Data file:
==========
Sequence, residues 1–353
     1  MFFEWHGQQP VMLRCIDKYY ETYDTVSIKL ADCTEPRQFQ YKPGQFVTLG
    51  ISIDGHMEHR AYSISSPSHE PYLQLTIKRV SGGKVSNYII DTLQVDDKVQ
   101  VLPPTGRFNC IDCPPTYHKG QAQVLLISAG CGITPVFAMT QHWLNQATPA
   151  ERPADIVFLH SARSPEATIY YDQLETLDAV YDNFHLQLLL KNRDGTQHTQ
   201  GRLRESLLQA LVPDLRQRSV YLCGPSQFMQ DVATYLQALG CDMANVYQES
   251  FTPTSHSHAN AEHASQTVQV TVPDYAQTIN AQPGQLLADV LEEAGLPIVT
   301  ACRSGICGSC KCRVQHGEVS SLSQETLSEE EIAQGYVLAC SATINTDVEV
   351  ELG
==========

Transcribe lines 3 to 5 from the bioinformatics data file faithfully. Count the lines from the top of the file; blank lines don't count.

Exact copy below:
    51  ISIDGHMEHR AYSISSPSHE PYLQLTIKRV SGGKVSNYII DTLQVDDKVQ
   101  VLPPTGRFNC IDCPPTYHKG QAQVLLISAG CGITPVFAMT QHWLNQATPA
   151  ERPADIVFLH SARSPEATIY YDQLETLDAV YDNFHLQLLL KNRDGTQHTQ